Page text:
When French and Dutch voters were given an opportunity to vote for the European constitution in 2005, which would have transferred considerable sovereignty from their countries to the European government and its unelected bureaucrats, they “unexpectedly” killed it. They wanted to hang on to their sovereignty. An unforgettable lesson for European politicians: don’t let the riffraff decide. Such matters are best handled by the elite—politicians, bankers, and unelected bureaucrats. And on Wednesday, they were busy handling such matters.
In the morning, Andreas Voßkuhle, President of the German Constitutional Court, announced that two of the main Eurozone survival strategies, the ESM bailout fund and the Fiscal Union treaty, would “most likely” not violate the constitution (press release, flash analysis). By rejecting the plaintiffs’ efforts to block the laws, the Court allowed Federal President Joachim Gauck to sign them; and they’d become binding international treaties.
Thus, the Court nodded with a stern smile on the transfer of sovereignty from parliament to unelected bureaucrats within the European Union government. For the fifth time—after waving through the EFSF bailout fund in 2011, the Lisbon Treaty in 2009, the introduction of the euro in 1998, and the Maastricht treaty in 1993. Each time, it added conditions that gave plaintiffs a pretext to proclaim victory and try again next time. True to form, Peter Gauweiler (CSU), one of the most vocal plaintiffs, called the decision a “giant success“ and “legal sensation”; the conditions would make it more difficult to turn “the ESM into a bottomless barrel,” he said.
Chancellor Angela Merkel slapped herself on the back, complemented the justices—”The Court goes the way that also guided me,” she said—thanked those who’d supported her, including the opposition SPD and Greens, and told the rest of the world that Germany was carrying its share of the load. Alas, in a poll last week, 54% of those who’d be carrying that load wanted the Court to stop the ESM and Fiscal Union treaty. Only 25% wanted the Court to wave them through.
And then the noose tightened further on national sovereignty in Europe, and particularly in the Eurozone. Michel Barnier, European Commissioner for Internal Markets and Services, hammered home his plan to create a supranational banking supervisor with a bank bailout fund and a deposit insurance fund, under the ECB. It would not only cover the 25-30 systemically important Eurozone banks, the TBTF banks that could take down the world, or worse, presumably, but all 6,000 Eurozone banks, down to small savings banks. A centralized banking supervision would have to have the right to act “in any imaginable situation and in any bank,” he said, citing non-systemically important banks that had collapsed: Northern Rock, Bankia, and Dexia.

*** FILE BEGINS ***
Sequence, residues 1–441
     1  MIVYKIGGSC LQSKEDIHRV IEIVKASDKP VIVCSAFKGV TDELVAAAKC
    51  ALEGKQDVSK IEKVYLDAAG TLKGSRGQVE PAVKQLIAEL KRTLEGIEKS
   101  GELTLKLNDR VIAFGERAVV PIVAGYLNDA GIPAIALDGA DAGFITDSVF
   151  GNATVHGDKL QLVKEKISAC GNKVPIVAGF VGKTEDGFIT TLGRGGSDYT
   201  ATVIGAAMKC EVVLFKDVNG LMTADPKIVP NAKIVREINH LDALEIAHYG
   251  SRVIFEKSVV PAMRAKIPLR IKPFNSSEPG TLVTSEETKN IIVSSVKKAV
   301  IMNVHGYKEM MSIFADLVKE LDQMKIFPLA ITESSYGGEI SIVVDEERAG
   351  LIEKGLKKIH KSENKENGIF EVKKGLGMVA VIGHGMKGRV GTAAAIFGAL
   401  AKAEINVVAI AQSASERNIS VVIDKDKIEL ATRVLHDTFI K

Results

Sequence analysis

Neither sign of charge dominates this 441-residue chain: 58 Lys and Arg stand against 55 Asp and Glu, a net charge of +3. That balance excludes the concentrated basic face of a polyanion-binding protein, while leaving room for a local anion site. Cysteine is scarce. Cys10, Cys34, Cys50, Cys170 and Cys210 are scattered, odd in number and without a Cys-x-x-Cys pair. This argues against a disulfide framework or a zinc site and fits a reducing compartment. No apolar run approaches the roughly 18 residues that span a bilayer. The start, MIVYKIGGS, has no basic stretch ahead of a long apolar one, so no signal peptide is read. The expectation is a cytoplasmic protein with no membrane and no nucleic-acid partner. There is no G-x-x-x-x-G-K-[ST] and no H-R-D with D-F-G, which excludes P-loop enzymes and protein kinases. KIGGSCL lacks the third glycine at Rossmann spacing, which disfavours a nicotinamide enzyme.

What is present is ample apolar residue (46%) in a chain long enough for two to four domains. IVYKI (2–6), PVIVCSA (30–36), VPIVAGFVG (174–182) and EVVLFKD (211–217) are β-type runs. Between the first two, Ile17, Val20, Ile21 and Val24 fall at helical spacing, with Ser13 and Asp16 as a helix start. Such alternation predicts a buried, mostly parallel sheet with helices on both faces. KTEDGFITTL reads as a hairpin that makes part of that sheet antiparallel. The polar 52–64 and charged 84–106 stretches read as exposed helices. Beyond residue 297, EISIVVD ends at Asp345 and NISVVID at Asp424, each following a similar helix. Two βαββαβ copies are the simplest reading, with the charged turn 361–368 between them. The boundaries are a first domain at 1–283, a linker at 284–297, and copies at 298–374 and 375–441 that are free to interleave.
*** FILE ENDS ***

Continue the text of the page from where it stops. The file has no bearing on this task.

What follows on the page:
The power grab hit resistance in Germany. Finance Minister Wolfgang Schäuble only wants to put TBTF banks under centralized control. The Bundesbank, citing conflicts of interest, doesn’t think the ECB should become the regulator of banks it funds. And the Association of Savings Banks came out against allowing the ECB to supervise savings banks. It would use their contributions to prop up banks in debt-sinner countries and through that transfer make savings banks less secure. Also, tottering banks could go directly to the ECB to get their bailout funds, rather than the ESM, with all its irksome conditions and parliamentary votes. But resistance will be whittled down over time. And in the end, it won’t change the principle that bankers regulate bankers for the benefit of bankers.
Unelected European Commission President José Manuel Barroso chimed in with his state of the union speech to the European Parliament—not only calling for a centralized banking supervisory and bailout mechanism, but for a “quantum leap” in every other aspect of centralizing governance in Europe to form a “federation of nation states.” His grandiose plans weren’t just for the 17-member Eurozone but for the 27-member European Union, which includes the UK, whose people have been, how shall we say, reluctant to hand over sovereignty to European bureaucrats.
The European Commission would doctor up the plans, in coordination with European Council President Herman Van Rompuy, another unelected honcho, and would present it to the European Parliament, an emasculated institution that cannot do what other parliaments can do, namely initiate legislation; it can only vote on legislation initiated by the Commission or the Council.
But there would be more democracy, Barroso promised, including an elected president. An incentive for all politicians in Europe to go along with the power grab. It would give them a higher level of government to move up to, one with more power. They all must be thinking about it, Merkel, Schäuble, French President François Hollande, Nicolas Sarkozy…. Well, on second thought, maybe not him.
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